What do we call language that is purposely designed to make the bad seem good, turn a negative into a positive, or avoid responsibility? (Answer on P.323)
What term is used to describe an inoffensive word or phrase used in place of an unacceptable or offensive one? (Answer on P.324)
The stories will not have many women.
What effect will hearing a story in which all of the pronouns are he or him have on the stories children write immediately after hearing the story? (Answer on P.325)
Objective measure of a sample of behavior collected using well-established procedures.
Which of these is the best description of a psychological test? (Answer on P.327)
The process of thinking.
Compared to Americans, the descriptions of intelligence offered by the Japanese place greater emphasis on: (Answer on P.327)
Facilitates harmonious group relations and participates in family life.
You are reading written descriptions of definitions of intelligence from around the world. Which of the following might you think had come from people in African countries such as Kenya? (Answer on P.327)
“I believe that differences in levels of intellectual ability are due to hereditary factors and that these differences can be measured.” Who am I? (Answer on P.328)
The ability to excel in a number of tasks, especially those related to success in schoolwork, is a common American definition of: (Answer on P.328)
To select those children who could benefit from classes for slow learners.
What was the original purpose of the first well-established test of intelligence? (Answer on P.328)
The child’s performance is similar to the average of eight-year-old children.
What could we conclude if we know that a child obtained a mental age of eight on a standard test of intelligence? (Answer on P.329)
You test an 11-year-old child and find she has a mental age of 10. What is her IQ? (Answer on P.329)
Performance and Verbal.
What two categories of subtests make up the Wechsler intelligence tests? (Answer on P.330)
Psychological tests that yield relatively consistent results are said to be: (Answer on P.331)
A psychological test that measures what we intend it to measure is said to be; (Answer on P.331)
An academic test that reflects the material it intends to assess is said to have: (Answer on P.331)
A test that estimates whether a person will succeed at a particular task is said to have: (Answer on P.331)
When you took your college entrance exam, students across the country took the same test at the same time with the same instructions. What characteristic of a good psychological test do these similarities reflect? (Answer on P.332)
What are scores obtained by a relatively large sample of people on the same psychological test? (Answer on P.332)
Many human characteristics such as height are distributed so the majority of scores fall in the middle, with fewer extreme scores. What do we call this type of distribution? (Answer on P.333)
What term designates children with learning disabilities, behavior and emotional disorders, sensory and physical handicaps, communication disorders, or intellectual differences? (Answer on P.333)
She may be mentally retarded but further evaluation is needed.
Ten-year-old Myra was evaluated by a psychologist at the State Hospital. She obtained an IQ of 62. What is the psychologist likely to conclude based on this testing? (Answer on P.333)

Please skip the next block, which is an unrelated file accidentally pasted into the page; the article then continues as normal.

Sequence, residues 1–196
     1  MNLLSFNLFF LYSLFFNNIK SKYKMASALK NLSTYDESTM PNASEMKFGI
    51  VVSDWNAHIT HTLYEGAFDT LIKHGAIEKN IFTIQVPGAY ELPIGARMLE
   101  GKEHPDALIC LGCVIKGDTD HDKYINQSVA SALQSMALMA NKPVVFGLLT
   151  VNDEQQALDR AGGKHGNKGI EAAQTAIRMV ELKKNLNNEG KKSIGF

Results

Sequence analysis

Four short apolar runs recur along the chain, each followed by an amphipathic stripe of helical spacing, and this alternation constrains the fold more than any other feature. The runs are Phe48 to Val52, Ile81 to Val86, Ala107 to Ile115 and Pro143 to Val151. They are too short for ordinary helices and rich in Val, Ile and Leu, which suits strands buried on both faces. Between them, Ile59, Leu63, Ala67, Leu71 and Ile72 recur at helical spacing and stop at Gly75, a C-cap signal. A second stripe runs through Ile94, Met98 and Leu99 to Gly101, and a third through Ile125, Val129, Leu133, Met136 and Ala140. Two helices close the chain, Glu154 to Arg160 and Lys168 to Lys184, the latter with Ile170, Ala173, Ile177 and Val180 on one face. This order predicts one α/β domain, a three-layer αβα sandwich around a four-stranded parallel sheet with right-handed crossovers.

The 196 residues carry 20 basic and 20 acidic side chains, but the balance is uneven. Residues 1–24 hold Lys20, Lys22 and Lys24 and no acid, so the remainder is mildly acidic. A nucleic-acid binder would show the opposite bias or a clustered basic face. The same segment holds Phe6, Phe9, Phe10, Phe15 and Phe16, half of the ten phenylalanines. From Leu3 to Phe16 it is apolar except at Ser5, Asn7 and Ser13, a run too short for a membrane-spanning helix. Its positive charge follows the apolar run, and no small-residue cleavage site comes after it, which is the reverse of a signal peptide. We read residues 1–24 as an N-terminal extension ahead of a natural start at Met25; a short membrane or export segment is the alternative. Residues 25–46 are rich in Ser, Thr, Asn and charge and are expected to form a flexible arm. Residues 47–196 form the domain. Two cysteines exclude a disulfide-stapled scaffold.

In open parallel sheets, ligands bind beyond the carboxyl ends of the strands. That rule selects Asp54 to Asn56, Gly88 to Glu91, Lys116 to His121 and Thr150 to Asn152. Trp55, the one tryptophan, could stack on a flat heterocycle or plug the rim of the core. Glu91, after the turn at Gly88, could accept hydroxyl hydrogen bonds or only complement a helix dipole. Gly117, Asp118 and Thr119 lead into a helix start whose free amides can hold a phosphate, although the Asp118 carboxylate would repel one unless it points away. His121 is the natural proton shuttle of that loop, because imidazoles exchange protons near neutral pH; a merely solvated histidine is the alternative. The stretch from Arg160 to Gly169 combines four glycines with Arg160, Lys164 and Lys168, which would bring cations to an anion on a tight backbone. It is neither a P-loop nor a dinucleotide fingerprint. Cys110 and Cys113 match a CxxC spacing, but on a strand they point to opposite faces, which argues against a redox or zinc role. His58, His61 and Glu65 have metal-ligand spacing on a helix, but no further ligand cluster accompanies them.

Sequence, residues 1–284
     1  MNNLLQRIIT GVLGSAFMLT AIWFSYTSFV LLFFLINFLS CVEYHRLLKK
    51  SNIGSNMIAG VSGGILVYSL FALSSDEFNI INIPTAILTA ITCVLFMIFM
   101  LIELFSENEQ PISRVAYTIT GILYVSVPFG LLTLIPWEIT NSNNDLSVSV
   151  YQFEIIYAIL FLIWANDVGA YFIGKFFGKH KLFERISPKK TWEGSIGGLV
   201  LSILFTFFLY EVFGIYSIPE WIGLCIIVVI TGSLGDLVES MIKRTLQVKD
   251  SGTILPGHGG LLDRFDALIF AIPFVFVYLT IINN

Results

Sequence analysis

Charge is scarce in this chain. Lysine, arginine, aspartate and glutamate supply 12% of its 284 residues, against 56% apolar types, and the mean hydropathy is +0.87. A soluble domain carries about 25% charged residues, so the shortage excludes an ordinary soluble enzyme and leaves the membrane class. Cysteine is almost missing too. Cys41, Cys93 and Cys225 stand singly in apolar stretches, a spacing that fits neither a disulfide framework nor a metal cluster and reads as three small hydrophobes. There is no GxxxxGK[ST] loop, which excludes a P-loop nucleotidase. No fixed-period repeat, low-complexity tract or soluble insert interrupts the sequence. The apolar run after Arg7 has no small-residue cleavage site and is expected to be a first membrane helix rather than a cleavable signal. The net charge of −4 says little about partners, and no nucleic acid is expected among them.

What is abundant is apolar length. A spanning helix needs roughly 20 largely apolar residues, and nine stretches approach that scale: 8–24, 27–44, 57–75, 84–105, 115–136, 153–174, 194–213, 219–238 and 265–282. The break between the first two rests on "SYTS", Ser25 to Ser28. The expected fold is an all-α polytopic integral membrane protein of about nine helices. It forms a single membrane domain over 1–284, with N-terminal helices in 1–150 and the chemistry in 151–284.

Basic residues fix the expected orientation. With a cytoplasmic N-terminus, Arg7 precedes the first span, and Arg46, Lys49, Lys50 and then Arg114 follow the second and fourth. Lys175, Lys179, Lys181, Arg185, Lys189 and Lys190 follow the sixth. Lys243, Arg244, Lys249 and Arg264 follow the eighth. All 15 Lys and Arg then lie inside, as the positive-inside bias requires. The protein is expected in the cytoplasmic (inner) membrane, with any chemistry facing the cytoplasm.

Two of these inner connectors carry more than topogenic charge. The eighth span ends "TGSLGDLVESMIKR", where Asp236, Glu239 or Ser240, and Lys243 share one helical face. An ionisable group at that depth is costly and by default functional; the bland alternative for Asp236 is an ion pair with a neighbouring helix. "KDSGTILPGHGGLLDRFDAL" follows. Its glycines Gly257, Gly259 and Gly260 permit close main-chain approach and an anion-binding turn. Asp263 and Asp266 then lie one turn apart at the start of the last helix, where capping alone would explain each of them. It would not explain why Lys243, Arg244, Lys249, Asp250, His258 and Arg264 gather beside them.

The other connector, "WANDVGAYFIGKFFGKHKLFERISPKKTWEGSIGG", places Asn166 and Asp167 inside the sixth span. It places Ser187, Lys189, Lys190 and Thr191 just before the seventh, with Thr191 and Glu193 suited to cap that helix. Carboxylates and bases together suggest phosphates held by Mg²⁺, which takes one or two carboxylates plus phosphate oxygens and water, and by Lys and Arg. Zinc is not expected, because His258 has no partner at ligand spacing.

A psychologist tested Brian and found his overall IQ was 45. Yet Brian can add, subtract, multiply, and divide large numbers with lightning speed and consistent accuracy. What term is used for Brian’s exceptional ability? (Answer on P.334)
Failure to respond to people in socially appropriate ways and serious deficits in language are characteristics of: (Answer on P.336)
General intelligence and specific abilities.
Charles Spearman believed that intelligence is composed of: (Answer on P.336)
Analytical, Creative, and Practical.
What three types of intelligence constitute Sternberg’s triarchic theory of intelligence? (Answer on P.336)
Standard tests do not assess the many facets of intelligence.
Howard Gardner and Robert Sternberg agree to be interviewed together on the topic of intelligence. At the end of the interview, what would you conclude is their major point of agreement? (Answer on P.338)
We can improve the intelligence of the nation if only the brightest people have children.
Which of the following summarizes the eugenics movement? (Answer on P.338)
50 – 60%
A group of psychologists reviews the literature on the heritability of intelligence. They conclude that most of the estimates are in what range? (Answer on P.339)
Damage from what genetic abnormality can be avoided by modification of diet beginning at birth? (Answer on P.340)
The children’s IQ scores had increased.
Howard Skeels placed slow and unresponsive children in a home for mentally retarded adolescents for several months. What did he find? (Answer on P.341)
A slow but steady rise in performance.
What has happened to IQ performance since the 1930s? (Answer on P.341)
What term did Robert Zajonc use to describe the idea that family structure can influence intelligence? (Answer on P.342)
Parents with lower IQs tend to have more children than the national average.
What finding from the National Longitudinal Survey of Youth seems critical in explaining past reports of a relation involving birth order, family size, and intelligence? (Answer on P.342)
When we consider intelligence, it is important to remember that although ________ sets limits on a child’s potential, it is the ________ that permits that potential to be actualized. (Answer on P.344)
African-American students who are told a test measures intelligence as opposed to problem solving obtain lower scores.
What evidence does Claude Steele present in support of the stereotype vulnerability hypothesis as it relates to intelligence testing? (Answer on P.344)
They failed to distinguish between correlation and causation.
What is one criticism of the conclusions offered by Richard Herrnstein and Charles Murray in The Bell Curve? (Answer on P.345)